We must cultivate this broad outlook and not be led away by the narrowness of others into becoming narrow in spirit and outlook ourselves. We have had enough of what has been called communalism in this country and we have tasted of its bitter and poisonous fruit. It is time that we put an end to it. For my part I do not like the intrusion of this communal spirit anywhere, and least of all in educational institutions. Education is meant to free the spirit of man and not to imprison it in set frames. I do not like this university being called the Muslim University just as I do not like the Benares University to be called the Hindu University. This does not mean that a university should not specialize in particular cultural subjects and studies. I think it is right that this University should lay special stress on certain aspects of Islamic thought and culture.

I want you to think about those problems and come to your own conclusions. These conclusions cannot be forced upon you except to some extent, of course, by the compulsion of events which none of us can ignore. Do not think that you are outsiders here, for you are as much flesh and blood of India as anyone else, and you have every right to share in what India has to offer. But those who seek rights must share in the obligations also. Indeed, if the duties and obligations are accepted, then rights flow of themselves. I invite you as free citizens of free India to play your role in the building up of this great country and to be sharers, in common with others, in the triumphs and setbacks alike that may come our way. The present with all its unhappiness and misery will pass. It is the future that counts, more especially to the young, and it is that future that beckons to you. How will you answer that call?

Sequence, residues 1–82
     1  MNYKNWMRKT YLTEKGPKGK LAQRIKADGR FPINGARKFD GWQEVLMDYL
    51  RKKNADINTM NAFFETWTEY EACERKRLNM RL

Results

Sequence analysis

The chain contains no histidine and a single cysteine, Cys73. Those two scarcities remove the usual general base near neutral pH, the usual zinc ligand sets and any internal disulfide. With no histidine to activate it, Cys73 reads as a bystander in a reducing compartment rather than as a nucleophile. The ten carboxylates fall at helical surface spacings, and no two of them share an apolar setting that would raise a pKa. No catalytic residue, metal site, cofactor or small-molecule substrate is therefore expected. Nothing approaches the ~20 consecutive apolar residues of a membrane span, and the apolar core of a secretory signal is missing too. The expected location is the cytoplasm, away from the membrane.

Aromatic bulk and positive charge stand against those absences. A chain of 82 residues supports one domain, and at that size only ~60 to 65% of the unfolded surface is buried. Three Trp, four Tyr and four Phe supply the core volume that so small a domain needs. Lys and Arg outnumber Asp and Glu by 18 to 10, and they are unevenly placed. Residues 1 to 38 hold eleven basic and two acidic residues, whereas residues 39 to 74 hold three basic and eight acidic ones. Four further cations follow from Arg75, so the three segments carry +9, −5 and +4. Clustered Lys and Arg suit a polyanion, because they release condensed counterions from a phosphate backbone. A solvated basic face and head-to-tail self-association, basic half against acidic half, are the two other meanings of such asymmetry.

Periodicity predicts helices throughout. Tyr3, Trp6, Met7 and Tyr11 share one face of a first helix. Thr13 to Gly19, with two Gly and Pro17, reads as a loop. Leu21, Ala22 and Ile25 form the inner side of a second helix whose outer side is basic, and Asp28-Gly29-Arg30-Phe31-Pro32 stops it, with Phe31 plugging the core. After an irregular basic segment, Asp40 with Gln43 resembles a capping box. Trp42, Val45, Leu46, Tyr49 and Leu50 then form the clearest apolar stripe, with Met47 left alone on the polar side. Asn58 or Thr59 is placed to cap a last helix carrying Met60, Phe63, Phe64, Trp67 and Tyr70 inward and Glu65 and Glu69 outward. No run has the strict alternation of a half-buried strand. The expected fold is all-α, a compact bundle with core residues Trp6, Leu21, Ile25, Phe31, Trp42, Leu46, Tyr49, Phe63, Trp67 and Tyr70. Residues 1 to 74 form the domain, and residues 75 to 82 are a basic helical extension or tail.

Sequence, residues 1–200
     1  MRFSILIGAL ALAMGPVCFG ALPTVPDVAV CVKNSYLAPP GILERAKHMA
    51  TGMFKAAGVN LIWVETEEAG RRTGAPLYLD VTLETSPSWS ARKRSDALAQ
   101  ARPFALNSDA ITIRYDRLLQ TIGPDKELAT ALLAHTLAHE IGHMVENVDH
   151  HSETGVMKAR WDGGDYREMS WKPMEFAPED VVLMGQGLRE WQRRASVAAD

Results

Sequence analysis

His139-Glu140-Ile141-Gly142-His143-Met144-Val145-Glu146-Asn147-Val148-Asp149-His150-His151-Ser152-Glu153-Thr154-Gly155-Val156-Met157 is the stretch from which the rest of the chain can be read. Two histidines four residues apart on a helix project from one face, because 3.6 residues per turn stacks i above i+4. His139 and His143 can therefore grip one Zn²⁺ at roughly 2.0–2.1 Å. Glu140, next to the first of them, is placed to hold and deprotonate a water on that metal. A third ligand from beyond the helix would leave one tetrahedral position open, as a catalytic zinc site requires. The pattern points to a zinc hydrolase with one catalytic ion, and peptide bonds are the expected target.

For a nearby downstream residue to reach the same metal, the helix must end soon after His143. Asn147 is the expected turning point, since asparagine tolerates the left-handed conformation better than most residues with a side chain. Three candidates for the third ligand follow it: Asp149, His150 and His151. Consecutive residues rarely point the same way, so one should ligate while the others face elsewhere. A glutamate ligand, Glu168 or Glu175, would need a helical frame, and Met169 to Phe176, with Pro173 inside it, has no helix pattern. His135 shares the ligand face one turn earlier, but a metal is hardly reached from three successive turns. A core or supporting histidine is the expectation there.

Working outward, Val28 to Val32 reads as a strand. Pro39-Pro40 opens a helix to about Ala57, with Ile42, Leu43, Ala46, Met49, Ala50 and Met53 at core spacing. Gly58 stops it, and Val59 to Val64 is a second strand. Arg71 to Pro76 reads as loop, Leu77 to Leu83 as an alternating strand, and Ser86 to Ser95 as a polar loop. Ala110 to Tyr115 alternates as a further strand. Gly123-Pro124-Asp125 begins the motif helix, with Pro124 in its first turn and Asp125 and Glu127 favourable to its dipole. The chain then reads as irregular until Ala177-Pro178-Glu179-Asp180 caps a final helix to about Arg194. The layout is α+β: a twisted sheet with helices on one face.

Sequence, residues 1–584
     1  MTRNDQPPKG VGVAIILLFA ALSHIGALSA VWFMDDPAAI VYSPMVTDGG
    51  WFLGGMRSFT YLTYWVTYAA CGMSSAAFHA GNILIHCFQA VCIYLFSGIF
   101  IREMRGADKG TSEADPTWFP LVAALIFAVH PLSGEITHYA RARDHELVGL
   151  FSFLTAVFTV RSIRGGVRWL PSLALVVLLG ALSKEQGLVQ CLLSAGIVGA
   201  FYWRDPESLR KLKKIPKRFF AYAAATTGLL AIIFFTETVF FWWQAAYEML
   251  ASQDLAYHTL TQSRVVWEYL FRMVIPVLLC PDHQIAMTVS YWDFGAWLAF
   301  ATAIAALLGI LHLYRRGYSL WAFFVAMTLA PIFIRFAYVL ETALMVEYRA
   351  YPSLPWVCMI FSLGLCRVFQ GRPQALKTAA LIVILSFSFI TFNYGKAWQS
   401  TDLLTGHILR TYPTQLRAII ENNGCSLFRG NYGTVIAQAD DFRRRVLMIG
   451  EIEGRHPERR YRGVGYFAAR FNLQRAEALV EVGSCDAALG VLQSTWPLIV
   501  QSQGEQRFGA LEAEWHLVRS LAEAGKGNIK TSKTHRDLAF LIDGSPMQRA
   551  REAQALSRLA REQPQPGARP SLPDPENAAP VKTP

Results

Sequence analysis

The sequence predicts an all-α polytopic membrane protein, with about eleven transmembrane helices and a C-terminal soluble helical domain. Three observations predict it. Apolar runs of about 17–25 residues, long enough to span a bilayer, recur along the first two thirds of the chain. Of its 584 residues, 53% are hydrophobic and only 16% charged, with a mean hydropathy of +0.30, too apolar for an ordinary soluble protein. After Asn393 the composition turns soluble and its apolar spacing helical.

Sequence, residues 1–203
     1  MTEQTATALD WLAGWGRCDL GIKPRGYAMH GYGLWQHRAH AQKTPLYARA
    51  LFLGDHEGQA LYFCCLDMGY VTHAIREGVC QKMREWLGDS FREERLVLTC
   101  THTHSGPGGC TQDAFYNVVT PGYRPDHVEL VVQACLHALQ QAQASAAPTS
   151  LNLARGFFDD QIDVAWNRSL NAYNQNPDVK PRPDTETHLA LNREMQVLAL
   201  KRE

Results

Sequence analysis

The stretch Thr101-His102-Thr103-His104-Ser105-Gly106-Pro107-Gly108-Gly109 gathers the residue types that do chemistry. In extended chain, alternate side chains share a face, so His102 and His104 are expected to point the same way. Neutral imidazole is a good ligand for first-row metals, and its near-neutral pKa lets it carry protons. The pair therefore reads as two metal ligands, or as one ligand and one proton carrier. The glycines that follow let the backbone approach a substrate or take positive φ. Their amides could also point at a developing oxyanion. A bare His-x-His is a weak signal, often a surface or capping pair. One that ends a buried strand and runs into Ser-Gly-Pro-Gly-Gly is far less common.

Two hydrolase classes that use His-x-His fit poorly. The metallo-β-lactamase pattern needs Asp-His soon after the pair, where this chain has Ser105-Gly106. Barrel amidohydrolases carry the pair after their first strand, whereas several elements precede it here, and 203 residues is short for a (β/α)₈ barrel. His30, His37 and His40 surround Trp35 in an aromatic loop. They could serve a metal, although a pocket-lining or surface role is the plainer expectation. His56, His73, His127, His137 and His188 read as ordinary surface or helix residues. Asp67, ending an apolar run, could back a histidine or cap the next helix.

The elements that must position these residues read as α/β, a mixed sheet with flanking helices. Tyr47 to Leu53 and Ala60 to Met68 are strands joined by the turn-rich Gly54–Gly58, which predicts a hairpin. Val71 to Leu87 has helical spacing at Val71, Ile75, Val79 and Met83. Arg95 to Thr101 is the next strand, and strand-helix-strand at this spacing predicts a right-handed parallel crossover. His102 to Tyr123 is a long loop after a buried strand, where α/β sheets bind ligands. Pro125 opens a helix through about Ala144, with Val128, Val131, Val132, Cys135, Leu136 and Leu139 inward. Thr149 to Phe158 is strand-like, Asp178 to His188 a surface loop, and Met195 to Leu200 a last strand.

Taken from Jawaharlal Nehru, Selected Speeches, Volume One, 1946–1949, Pages 334-338, Publications Division, Sixth Edition, April 1996.